In 1936, Turkey moved to capture the province of Alexandretta
(modern day Hatay) in northern Syria.
Turkey annexed in 1939 the district of Alexandretta
(Iskenderun), which used to belong to Syria.
The first is parts of Palestine that "cannot be said to be purely Arab," including Mersina, Alexandretta
and certain portions of Syria.
McMeekin provides revealing details on an ill-fated Armenian-British collaboration, which Rogan ignored: This is the strategic role of Cilician Ottoman Armenians in the never-implemented Alexandretta
landings of the British forces from Egypt who chose instead to attack Gallipoli.
The Sanjak of Alexandretta
(Hatay): Its Impact on Turkish-Syrian Relations, 1939-1956", Middle East Journal, Cilt 10 No.
After Britain and France hacked at the borders a much smaller entity emerged, which was again trimmed to assuage Turkish ambitions for Alexandretta
X MAS continued attacking (or attempting to attack) targets--in Gibraltar, Algiers, Alexandria, Bone, Palestine, and Alexandretta
(in Turkey), off the coast of Libya, and in the Black Sea.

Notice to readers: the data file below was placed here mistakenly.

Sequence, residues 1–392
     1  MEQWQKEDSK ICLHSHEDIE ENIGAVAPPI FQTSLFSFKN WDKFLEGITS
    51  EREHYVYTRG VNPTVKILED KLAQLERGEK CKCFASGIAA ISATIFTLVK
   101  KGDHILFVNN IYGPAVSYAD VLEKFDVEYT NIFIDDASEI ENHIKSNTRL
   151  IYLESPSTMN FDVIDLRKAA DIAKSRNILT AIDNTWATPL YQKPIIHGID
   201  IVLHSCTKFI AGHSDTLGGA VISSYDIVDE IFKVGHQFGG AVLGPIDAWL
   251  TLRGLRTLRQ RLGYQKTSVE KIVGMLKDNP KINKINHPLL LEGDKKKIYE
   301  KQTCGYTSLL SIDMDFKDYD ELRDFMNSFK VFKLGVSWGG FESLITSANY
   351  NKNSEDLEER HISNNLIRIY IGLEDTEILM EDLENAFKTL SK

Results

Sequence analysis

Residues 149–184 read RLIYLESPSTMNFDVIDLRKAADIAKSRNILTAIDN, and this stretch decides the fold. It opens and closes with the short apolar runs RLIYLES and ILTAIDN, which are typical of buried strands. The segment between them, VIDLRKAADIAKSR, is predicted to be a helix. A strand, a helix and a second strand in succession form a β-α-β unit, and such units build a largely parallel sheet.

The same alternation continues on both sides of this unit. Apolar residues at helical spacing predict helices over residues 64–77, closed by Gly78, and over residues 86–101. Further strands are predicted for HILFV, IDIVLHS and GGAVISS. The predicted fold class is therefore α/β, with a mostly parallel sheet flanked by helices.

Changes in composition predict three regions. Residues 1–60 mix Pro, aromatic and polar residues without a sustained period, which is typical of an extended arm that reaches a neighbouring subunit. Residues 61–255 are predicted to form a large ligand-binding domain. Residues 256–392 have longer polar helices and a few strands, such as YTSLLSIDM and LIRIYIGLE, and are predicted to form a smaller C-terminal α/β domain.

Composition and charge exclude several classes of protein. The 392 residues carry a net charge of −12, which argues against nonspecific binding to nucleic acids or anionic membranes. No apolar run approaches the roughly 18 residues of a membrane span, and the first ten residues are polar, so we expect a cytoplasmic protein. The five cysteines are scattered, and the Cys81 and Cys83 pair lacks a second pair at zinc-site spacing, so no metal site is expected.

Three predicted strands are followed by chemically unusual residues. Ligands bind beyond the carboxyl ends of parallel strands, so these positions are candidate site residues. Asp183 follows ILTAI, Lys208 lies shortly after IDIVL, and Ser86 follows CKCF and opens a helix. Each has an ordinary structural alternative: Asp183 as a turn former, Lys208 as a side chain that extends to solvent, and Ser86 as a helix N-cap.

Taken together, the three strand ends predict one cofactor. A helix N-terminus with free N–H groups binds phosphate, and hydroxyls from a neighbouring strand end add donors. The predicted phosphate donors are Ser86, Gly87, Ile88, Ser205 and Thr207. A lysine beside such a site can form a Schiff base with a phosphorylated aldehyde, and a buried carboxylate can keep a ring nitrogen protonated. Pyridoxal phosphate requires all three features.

He states that "the two districts of Mersina and Alexandretta
and portions of Syria lying to the west of the districts of Damascus, Homs, Hama and Aleppo cannot be said to be purely Arab and should be excluded from the limits demanded [emphasis added].
This alternative plan called for an invasion of Alexandretta
(now called Iskenderun) which was defended by a garrison of mostly Arab conscripts on the verge of mutiny against their Turkish officers.
The French ousted Emir Faisal (later king of Iraq) from Damascus, ruthlessly suppressed a series of revolts, recruited Alawite officers in their colonial army, established Lebanon as a separate state and even gifted Syrian Alexandretta
(Iskrandrun) to Ataturk's Turkish Republic.
Turkey engineered the annexation of Alexandretta
Province, which was part of the French- mandate of Syria, in 1939 (now the Turkish province of Hatay).
Syrian irredentist claims over Alexandretta
(Hatay), disputes over sharing the waters of the Euphrates River, Syrian support of the PKK from 1980 to 1998, Turkey's recognition of Israel and later forming a strategic partnership with the number one enemy of the Arab states, and the two countries' siding with opposite camps during the Cold War were among the major reasons that prevented good neighborly relations between the two countries.